So often, I meet individuals who are looking for fulfillment in their life. When I ask them about how life is going, it quickly becomes apparent that they are focused on things that don’t seem to be working towards fulfillment. They are obsessed with acquiring more stuff. They seek others’ approval in ways that aren’t healthy. They spend their time on superficial pursuits.
Though it may look different, we all do these things. But when we do so, we miss out on our divine purpose. Fortunately, the Scriptures tell us about another way of being.
The Scriptures depict how Jesus came into this world to embark on a journey. What does that journey mean for us? One specific passage where we see this depiction is in Luke 2:22-40. There, we read about how, even as a baby, Jesus is being meticulously prepared for his divine mission to the world. Interestingly enough, this isn’t happening in what we might consider a “supernatural” way. It is happening through the customs of Jesus’ day.
In the verse just prior to the aforementioned passage, we learn that Jesus’ parents, Mary and Joseph, are going about the appropriate Jewish religious rituals after his birth. In their context, this would have consisted of a fairly involved threefold process.
First, Jesus needed to be circumcised as a sign of the eternal covenant between God and Abraham and his descendants. This would happen eight days after he was born. After the circumcision, Mary would have gone to the Temple to be purified, because it was believed in her tradition that after women had children, they were unclean for a certain period of time (that period depending on the gender of the child). And while you could be unclean and still generally go about your daily routines, you weren’t allowed to partake in any religious services at the Temple.
In order to be purified, you would have to bring a sacrifice to the Temple: a lamb and a pigeon. They would be slaughtered as atoning sacrifices. The problem was that lambs were expensive, and a poor family like Jesus’ often couldn’t afford one. Because of this, Leviticus 12:8 makes a provision for the poor. If a family could not afford a lamb, then the new mother could bring a second pigeon. This substitute was commonly known as The Offering of the Poor.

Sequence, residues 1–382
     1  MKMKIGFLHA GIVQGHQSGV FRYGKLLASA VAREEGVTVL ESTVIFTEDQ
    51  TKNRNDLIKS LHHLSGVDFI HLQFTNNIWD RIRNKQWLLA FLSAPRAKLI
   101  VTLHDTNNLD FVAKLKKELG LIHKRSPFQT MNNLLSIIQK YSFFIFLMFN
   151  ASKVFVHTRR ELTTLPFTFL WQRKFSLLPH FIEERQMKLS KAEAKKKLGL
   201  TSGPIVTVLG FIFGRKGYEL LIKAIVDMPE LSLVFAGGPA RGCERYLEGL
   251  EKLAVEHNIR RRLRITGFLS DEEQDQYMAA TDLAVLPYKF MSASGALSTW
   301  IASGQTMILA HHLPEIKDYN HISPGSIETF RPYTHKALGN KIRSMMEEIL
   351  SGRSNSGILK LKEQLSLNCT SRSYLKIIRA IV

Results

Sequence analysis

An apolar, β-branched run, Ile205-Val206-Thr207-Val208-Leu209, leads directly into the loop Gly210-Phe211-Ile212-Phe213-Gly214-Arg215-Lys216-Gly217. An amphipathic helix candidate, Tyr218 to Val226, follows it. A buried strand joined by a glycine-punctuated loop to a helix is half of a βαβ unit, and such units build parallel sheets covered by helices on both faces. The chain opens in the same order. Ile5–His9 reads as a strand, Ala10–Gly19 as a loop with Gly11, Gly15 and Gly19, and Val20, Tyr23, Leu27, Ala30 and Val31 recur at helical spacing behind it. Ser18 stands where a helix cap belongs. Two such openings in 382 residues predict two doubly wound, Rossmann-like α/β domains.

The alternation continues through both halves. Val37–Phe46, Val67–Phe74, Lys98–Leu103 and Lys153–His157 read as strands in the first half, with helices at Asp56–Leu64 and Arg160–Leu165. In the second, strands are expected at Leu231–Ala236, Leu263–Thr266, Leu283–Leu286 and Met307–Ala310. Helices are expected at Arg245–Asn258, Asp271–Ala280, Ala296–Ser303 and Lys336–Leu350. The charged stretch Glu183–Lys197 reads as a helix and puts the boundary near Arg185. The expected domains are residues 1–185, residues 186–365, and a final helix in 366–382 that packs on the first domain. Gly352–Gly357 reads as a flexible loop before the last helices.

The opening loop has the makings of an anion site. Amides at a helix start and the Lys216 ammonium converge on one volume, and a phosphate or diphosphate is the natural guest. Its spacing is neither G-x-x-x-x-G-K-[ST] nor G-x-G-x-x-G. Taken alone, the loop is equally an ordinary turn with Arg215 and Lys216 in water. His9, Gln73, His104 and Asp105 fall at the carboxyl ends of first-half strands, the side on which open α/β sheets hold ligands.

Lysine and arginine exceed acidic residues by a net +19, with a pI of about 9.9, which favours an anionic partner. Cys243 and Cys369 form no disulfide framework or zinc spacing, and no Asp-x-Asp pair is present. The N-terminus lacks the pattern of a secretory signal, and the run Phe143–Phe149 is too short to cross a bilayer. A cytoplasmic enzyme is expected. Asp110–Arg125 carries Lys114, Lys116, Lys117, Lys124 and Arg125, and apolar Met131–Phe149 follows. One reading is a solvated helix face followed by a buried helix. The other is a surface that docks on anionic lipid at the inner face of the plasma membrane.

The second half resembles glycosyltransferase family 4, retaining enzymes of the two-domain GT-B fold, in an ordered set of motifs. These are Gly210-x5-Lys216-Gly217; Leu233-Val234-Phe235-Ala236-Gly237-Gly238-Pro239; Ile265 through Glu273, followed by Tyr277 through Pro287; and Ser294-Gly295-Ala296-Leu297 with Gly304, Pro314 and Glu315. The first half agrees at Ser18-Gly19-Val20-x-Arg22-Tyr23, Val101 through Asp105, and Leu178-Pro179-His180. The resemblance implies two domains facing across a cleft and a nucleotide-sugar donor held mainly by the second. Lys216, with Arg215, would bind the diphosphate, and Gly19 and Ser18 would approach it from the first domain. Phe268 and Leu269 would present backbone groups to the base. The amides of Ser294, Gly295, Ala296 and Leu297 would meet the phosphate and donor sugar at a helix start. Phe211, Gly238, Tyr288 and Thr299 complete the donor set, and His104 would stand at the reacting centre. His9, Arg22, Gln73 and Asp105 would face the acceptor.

It is usually at this point when scholars raise an issue with the Biblical timeline as popular culture tends to understand it, because modern Christianity has often inferred that the wisemen were at the Nativity. But many contend that it wasn’t until later that they visited the holy family because, based on this text in Luke, the family doesn’t have the resources to pay for a lamb. Instead, it seems to indicate that the family was just scraping by. And to add to their financial strain, after Jesus was at least 30 days old, custom dictated that the family would request that a priest officiate the ceremony of the Redemption of the Firstborn.
So what was this ceremony? Exodus 13:2 tells us that God commands that all of the Israelites’ firstborn sons be consecrated in the service of God. Later on, in Numbers 3:12, we read that God designates the Levites to act as substitutes in service for all of the firstborn sons of the Israelites. But because the Levites were too few in number to substitute for every firstborn Israelite male, the Mosaic Law then required that parents redeem, or “buy back,” their firstborn sons.
Some said that the child was not given to the parents, but only lent to them by God. The ceremony outlined in Numbers 18:16 thus required the family to pay five shekels of silver to Jewish priests to buy back their firstborn son from God. What we should take from all of this is that it was considered a great privilege and a sacred honor and responsibility to steward, care for, and raise a child. And amidst all of these cultural preparations, Mary and Joseph seem to take this responsibility very seriously, to the point where they have already risked their wealth, reputations, and time. And their dedication to Jesus is only going to increase.
While it may be easy to get sidetracked with the particulars of these unfamiliar ritualistic customs, these details don’t seem to be the focus of Luke’s message. Instead, what he seems to be trying to show is that Jesus and his household are going through all of the necessary steps in preparing Jesus and themselves for a larger journey. And Luke, throughout his Gospel, plans to show us how that journey includes us as well.
In fact, Luke will go on to show us Jesus in the Temple again at many stages in the journey.
For instance, in Luke 2:22-40, we see Jesus at the Temple as a baby, but in the very next verse, we read about Jesus as a preteen at the Temple (where Joseph and Mary win “Jerusalem Parents of the Year” for losing their kid for three full days. Think about that: no matter how bad your 2020 was, at least you didn’t lose the Savior of the World!). When they actually find Jesus, what has he been doing during that time? He’s in the midst of teachers, learning, asking questions, and preparing.